The 4522-8000 “early dial”
Over the course of many years of researching, collecting, and trading vintage Grand Seiko, we have encountered a number of fascinating discoveries along the way.
Whether it was learning of the existence of the “AD” dial variant of the first Grand Seiko, the -9010 dial variants of the 6246-9001’s, or discovering a remarkable 43999 dial destined for a watch that never was, vintage Grand Seiko does seem to have a knack of turning up “just one more” surprise, right at the moment when you think that finally, maybe, you have seen it all.
The three examples mentioned above are all fascinating because they are tantalizingly close to being “missing links” in the historical arc of the vintage Grand Seiko era.
AD dialed “Firsts” were introduced right at the very end of the production life of the first Grand Seiko, and whilst typically people focus on the fact that SD/AD dial suffixes provide insight into the material of the dial markers, it is the fact that the dials have a sunburst finish that provides a design bridge to the second Grand Seiko, the 43999 “Self-dater”.
And whilst the orphaned dial pictured below would seemingly not have a matching case that it could be placed in (there is no cap gold variant of the 43999), it does of course fill a gap between the steel-cased 43999 and the eventual introduction of the cap gold variant of the 57GS in the supplement to the 1966 Seiko catalogue.
As for the -9010 dial variants of the 62GS, we discussed in detail in an earlier article how they were the first of the vintage Grand Seiko dials to not be created entirely from flat polished sculpted metal. We speculated that possibly they were used to evaluate market reaction to a pretty significant – not to mention very early – deviation from Seiko’s famed “Grammar of Design” rules when the 61GS range was introduced in 1968.
On September 1st 2021, a highly respected Japanese collector posted a photo of a watch that could quite easily have been passed over without a second glance.
You could be forgiven if this appeared in your feed and you paid it a cursory internal compliment, perhaps dropped a quick “like”, and then scrolled on by. But if you did, you’d be missing what is in our view one of the most exciting vintage Grand Seikos to surface since we started researching the brand.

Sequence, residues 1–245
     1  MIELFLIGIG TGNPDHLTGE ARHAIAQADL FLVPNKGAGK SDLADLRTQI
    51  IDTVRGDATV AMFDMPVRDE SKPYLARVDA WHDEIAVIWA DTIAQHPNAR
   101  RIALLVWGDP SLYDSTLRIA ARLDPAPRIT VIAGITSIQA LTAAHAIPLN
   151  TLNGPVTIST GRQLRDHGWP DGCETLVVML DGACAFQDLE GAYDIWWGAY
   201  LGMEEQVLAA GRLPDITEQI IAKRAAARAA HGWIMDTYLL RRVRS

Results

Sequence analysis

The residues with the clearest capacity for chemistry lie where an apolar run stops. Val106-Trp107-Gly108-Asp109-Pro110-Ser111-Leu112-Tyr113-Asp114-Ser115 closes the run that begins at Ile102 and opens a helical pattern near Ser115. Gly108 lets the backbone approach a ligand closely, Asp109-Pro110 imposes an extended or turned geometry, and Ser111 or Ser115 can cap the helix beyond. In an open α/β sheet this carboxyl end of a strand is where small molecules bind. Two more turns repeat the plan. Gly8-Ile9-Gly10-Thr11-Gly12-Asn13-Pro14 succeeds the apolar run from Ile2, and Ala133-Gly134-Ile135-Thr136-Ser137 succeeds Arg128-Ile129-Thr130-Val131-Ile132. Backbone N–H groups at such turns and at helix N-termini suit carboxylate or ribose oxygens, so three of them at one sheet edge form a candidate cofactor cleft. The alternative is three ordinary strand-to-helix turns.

It’s very easy to see the detail here and miss the significance of the overall picture.
4522-8000, check. Super condition – case and dial are beautiful.
About that dial layout. Seiko up top, GS logo, Grand Seiko text, and Daini logo down bottom. All present and correct, right?
Hold on a moment… have a nagging feeling at the back of your head that something is very, very not right at all here?
The 4520/2-8000’s were introduced as the successors to the legendary 44GS in the supplement to 1968’s volume 2 catalogue, and the dials are nothing like what we have just seen!
But that dial in the Instagram post – why is it so familiar? Why doesn’t it look “wrong”?
Well, firstly it’s because of this –
The 4522-8000 featured in @tokyo_watchs feed has the exact same dial layout as the late dial 4420-9000.
But secondly, it also has the exact same dial layout as a watch introduced just a few months earlier in the main volume 2 catalogue from 1968 –
Here we see the initial introduction of the 61GS series, featuring the early “Grand Seiko” dial.
Let’s now consider the timeline, and put them all side-by-side.
First up the 4420-9000 late dial, introduced in the same 1968 volume 2 catalogue as the 6145-8000 early dial – pictured next – and then finally this remarkable example of a “early dial” 4522-8000, a reference that was introduced in the supplement to 1968’s volume 2 catalogue, which would have been published probably just 4-5 months after the main catalogue.
And in this context, a 4522-8000 with this dial layout makes total sense!
Both the late dial 4420-9000 and the early dial 6145-8000 make their sole catalogue appearance in 1968’s volume 2. If you take a look at volume 1 of the 1969 catalogue – that would have been published just a month or two following 68’s V2 supplement – you will find that the 4420-9000 has now been dropped from the range, the 6145-8000 has moved to the later dial variant, and the overall dial layout of that watch matches that of the 4520/2-8000 dials that we are used to seeing.
We would encourage you to click the link above through to the article on this catalogue, since it includes a discussion of how the dial layouts on the range were evolving through 1968 and into early 1969.
Our learning of the existence of this early-dial variant of the 4522-8000 fits into this dial evolution absolutely perfectly, and is just the latest example to be uncovered of the fascinating timeline of the vintage Grand Seiko references.
We are extremely grateful to @tokyo_watchs for allowing us to use the photos he provided of his watch for use in this article. Do give him a follow as he has some absolutely stunning vintage Grand Seiko in his collection, and we are very excited to see what else he will be sharing in future posts.
Clearly this dial variant is extremely rare indeed, and we have never seen one before. Having said that, possibly because the watch just looks right, some may have been sold over the years without us even realising what we were looking at – we will do some digging on this and report back in due course.
One question of course remains…
Is there a 4520-8000 equivalent “out there” remaining to be discovered?
Whilst @tokyo_watchs reports that he has seen another example of the 4522-8000 like his own watch, he has never seen a 4520-8000 “early dial”.
Logic would suggest that they quite possibly do exist though.
The hunt begins!